Attended the very crowded opening of this, Guy's first exhibition since winning the Archibald Prize with a painting of blind Indigenous singer Geoffrey Garrumul Yunipingu. I must concur with the oft repeated comment of the night, "this guy's got balls!" Maestri has done a total about face from his commercially successful, colourist, lyrical gestural landscapes, reminiscent of Cy Twombly, to monotone, realist, photography-based art which almost belies the “touch of the hand”. What continues is the concern with ecology and the landscape, enhanced in this show by a theme of human folly.
The unkind (and probably jealous) have speculated that Guy won the Archibald by changing his style, then thought he would/should capitalise on that in his next show. Do the maths! The number of paintings and cohesive quality and theme suggests he was painting in this style well before he entered the Archibald. Even if they’re right, he’s still a prodigiously talented, thoughtful artist because he could whip up such a show in a painfully short seven months since the prize announcement.
It doesn’t matter. What matters is on the wall – and that an artist made a choice to risk his “Brand” and his sales from followers, and go where he needed/wanted to go, to keep his practice alive and mentally energizing. What authentic artist really wants to keep painting the same thing? And isn’t a refusal to “play it safe” one of the characteristics that History has taught us is essential for creativity and great art practice itself?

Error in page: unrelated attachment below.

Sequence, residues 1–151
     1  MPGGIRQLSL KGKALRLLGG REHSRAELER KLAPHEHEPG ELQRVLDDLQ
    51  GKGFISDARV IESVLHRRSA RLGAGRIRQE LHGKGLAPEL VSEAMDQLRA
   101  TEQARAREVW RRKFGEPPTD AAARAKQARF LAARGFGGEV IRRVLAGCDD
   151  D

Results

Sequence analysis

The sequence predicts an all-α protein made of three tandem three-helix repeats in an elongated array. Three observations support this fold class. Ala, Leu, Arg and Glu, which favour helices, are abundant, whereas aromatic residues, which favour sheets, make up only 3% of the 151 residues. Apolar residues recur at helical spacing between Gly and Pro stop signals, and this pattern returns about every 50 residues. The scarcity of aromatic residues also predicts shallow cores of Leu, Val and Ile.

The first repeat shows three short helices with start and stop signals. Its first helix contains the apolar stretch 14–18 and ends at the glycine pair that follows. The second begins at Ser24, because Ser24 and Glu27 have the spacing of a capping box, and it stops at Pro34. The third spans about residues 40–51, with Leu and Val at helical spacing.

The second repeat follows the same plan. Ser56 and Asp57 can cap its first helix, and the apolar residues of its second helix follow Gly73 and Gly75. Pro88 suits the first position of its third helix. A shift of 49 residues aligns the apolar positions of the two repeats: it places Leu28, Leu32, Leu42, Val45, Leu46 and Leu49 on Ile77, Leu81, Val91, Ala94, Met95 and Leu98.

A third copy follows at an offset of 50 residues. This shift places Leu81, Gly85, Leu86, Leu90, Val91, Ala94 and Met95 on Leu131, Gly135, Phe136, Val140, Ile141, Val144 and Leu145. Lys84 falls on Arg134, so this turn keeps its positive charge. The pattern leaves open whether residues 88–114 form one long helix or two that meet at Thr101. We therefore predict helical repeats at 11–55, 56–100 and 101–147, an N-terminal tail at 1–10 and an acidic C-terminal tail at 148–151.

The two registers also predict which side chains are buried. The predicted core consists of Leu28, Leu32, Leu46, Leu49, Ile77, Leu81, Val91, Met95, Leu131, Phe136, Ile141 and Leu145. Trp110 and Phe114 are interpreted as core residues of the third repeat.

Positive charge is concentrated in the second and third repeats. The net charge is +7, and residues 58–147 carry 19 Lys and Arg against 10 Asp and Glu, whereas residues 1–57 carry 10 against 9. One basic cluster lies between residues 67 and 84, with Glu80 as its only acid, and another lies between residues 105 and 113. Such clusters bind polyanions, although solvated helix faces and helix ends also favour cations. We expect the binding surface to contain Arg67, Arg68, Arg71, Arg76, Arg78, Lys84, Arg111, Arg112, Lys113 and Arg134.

Musings aside, the exhibition has a powerful, yet dream-like quality that sees a 60’s Astronaut standing on a crashing wave; a deep sea diver floating in a human chest; and boxing kangaroos obliterated by a slash of muddy, angry paint. My favourite was “Untitled, 2009”, a beautifully rendered though flattened (tenderized??) calf floating in infinity, with the bright yellow meat tag attached to its ear optically jumping from the painting. This was closely rivaled, in my estimation, by Trophy I, the head of an antelope(?) mounted in space in a frontal view that evokes it’s death by hunter and starkly contrasts in its beauty with the ridiculousness of placing animal heads in loungerooms as a measure of gamesmanship, skill or machismo.
The work still shows elements of Guy’s previous exhibitions’ risky execution – much of the paint surface is attacked by solvent or mediums to blister the otherwise smooth, varnished finish. But somehow, corrupted surfaces and slashing paint included, the images display a cold, removed beauty that nevertheless enigmatically draws the viewer in, leaving an image to be ruminated upon, in its quiet acceptance of death and new worlds past, present and future.
Tim Olsen Gallery 63 Jersey Rd Woollahra 13th October - to November 1st
Images: Guy Maestri, Untitled, 2009 183 x 152cm